Technological innovation in itself is not the endgame, but a tool that can make the lives of people, companies and governments easier. This is why for us, using smart IT solutions is a thread that runs through the entire presidency – the EU is a complex entity and we should use every opportunity to make its functioning more efficient and easier to understand.

In the same way, the free movement of data is something that concerns all European policies and fundamental freedoms. We need to find ways to ensure that the data is used in a secure way for our individual and collective benefit.

80% of EU citizens are now online. In this context, it seems pointless to ask why we should think and act digitally; rather it’s a question of how to do it. We do not want to bore our friends and colleagues in Europe with stories of e-Estonia, but instead hope that our experience in this field can help and inspire. We recognise different societies face very different challenges while going digital. With our experience, we can provide some answers and point to a few potential caveats, but we must and will not call on others to do exactly as we do. EU is a union of different nation states and every state is also a culture. That culture must be preserved while going digital, because people expect it.

E-residency, declaring taxes online in just five minutes or digital prescriptions aren’t just nice things to present at conferences, but real-life solutions that benefit both people and the state. It means time saved and trees left growing. Anything digital is often thought of in the framework of economy and efficiency – indeed we estimate we save 2% of our GDP by just signing everything and anything digitally, but digital tools are also there when we want to speak to our families, look for a job, listen to music or operate a wheelchair.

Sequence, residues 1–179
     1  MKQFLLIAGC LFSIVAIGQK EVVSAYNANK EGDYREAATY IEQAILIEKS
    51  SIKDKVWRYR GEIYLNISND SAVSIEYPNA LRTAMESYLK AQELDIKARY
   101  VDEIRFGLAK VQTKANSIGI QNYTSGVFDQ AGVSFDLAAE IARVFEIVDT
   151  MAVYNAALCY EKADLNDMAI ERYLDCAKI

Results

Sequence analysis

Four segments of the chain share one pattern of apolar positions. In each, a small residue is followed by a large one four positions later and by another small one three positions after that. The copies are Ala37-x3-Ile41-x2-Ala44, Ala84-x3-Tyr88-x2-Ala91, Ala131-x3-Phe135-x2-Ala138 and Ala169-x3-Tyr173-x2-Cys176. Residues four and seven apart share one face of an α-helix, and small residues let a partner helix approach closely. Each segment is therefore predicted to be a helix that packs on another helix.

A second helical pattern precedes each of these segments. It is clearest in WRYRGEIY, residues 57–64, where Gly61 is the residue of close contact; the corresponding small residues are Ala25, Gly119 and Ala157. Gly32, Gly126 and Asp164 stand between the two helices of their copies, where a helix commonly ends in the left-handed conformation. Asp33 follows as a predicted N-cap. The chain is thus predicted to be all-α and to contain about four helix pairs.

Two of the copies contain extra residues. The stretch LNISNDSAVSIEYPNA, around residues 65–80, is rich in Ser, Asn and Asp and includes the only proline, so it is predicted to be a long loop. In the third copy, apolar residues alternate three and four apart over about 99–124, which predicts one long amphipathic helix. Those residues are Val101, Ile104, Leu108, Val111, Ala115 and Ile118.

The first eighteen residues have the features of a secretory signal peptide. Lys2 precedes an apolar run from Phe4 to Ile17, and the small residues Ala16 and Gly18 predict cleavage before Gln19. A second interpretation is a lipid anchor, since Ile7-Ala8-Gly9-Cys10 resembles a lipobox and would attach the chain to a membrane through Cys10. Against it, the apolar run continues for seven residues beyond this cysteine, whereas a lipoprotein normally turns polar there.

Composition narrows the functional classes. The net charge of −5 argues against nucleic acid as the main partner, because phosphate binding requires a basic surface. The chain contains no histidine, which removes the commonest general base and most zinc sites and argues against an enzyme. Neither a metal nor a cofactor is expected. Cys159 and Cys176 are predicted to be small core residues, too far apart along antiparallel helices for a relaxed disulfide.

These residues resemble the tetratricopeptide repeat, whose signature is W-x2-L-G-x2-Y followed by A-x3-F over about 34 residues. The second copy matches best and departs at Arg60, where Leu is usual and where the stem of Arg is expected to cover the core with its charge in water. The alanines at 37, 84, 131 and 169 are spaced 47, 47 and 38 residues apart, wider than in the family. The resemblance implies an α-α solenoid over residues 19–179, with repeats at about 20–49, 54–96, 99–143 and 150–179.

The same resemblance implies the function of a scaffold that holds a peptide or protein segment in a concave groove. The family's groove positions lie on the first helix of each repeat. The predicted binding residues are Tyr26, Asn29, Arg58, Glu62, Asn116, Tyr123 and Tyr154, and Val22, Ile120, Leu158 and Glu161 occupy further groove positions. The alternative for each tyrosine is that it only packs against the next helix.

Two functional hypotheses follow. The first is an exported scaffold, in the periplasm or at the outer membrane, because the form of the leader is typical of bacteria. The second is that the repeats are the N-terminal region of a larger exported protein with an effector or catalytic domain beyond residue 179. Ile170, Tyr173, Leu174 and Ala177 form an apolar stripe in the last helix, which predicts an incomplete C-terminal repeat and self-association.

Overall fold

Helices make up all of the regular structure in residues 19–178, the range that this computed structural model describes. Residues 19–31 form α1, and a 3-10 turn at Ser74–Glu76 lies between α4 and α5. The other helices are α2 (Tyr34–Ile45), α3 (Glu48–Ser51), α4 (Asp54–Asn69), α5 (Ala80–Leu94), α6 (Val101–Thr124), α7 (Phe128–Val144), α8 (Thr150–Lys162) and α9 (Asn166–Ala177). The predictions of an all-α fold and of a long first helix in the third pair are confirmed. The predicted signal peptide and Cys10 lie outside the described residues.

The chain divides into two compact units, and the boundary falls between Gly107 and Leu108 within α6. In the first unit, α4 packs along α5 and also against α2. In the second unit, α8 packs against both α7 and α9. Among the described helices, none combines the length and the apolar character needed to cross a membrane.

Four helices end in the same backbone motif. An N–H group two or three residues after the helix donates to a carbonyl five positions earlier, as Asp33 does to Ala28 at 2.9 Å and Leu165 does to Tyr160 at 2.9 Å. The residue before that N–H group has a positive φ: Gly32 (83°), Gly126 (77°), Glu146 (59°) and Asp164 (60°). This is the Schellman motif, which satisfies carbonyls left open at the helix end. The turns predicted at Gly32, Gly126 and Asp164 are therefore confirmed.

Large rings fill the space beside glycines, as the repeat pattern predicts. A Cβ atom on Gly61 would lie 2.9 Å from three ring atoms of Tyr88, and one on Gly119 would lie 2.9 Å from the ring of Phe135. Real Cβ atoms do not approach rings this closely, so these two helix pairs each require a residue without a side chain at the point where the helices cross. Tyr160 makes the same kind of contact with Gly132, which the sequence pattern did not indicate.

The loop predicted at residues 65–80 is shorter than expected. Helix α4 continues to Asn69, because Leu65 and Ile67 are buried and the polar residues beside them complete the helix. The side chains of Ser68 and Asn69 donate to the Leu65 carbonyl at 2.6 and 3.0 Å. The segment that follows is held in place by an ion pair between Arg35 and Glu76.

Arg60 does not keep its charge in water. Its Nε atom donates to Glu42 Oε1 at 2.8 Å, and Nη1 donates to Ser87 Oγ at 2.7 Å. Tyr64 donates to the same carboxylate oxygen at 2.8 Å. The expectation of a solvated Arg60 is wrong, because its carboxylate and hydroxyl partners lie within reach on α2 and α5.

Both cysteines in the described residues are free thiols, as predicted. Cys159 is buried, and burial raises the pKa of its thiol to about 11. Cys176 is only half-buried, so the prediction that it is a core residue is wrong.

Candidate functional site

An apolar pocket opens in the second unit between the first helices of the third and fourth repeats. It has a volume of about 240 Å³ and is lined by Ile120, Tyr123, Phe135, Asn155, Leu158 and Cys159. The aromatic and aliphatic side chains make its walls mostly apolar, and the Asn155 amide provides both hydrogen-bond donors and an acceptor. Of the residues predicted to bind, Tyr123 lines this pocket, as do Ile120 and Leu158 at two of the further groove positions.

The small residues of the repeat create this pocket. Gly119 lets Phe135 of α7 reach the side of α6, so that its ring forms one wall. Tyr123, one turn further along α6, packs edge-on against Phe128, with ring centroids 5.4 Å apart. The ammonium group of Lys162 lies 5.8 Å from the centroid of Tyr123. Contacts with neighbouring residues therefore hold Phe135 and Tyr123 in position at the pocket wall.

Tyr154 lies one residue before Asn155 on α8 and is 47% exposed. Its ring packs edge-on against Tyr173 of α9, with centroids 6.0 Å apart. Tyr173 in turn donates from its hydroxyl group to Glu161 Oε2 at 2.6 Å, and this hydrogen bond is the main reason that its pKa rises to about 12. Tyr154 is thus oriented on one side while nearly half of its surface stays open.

Our EU Council presidency will focus on the establishment of a Digital Single Market, increased use of e-solutions and data as well as on the development of cross-border e-services. We think Europe is ready for a change in gear, for creating a common modern, accessible and secure electronic environment. An environment where people can shop online cross borders or interact with their government or between themselves with ease and without fear.

That is why progress on cybersecurity will be one of the pillars of our EU Council Presidency core programme. We need to focus on facilitating the strategic discussions among Member States on the road ahead – as we expect to have EU Cybersecurity Strategy on the table by autumn. We will work to make the Network Information Security (NIS) directive effectively work, for example, by leading the work of cooperation formats envisioned there.

We will also lead discussions on the proper institutional set-up on EU level, for example, by negotiations on the ENISA mandate in Council. Last but not least – we will do concrete actions to boost the cyber resilience of Europe, like holding a tabletop exercise for defence ministers or compiling a guidebook on how to react to cyber incidents on EU level. That will be quite a programme for 6 months.

We also need to establish a European certification scheme, especially for staying safe in IoT world. Elaborating a European Union cybersecurity certification scheme avoids having to certify companies in each Member State of the EU with different methods and evaluation criteria. But no system, standard or certification will help unless we can also teach people to take care of the hygiene aspects while online.

Learning by doing has been so far acceptable, but the more dependent everyday life has become of internet related services, the more cautious and conscious of the risks our people must be. Here I see the greatest field of co-operation between EU and NATO – the distribution of knowledge for civil society, in less military terms than we use in cyber domain.

Now, finally, my friends, allow me to say how much I appreciate the whole CyCon team!

CyCon is unparalleled in its multidisciplinary approach in bringing together representatives from the government, military and industry to address legal, technology and strategy perspectives and exchange ideas on the complex topic of cyber conflict.

I hereby recognise the excellent work of the NATO CCD COE in preparations for this event. Thank you for making us all safer and offering an option which allows to embrace opportunities provided by technology, explaining people the risks linked to it and through this global demystification effort making sure both states and private actors feel they can trust cyberspace no less than analogue sphere.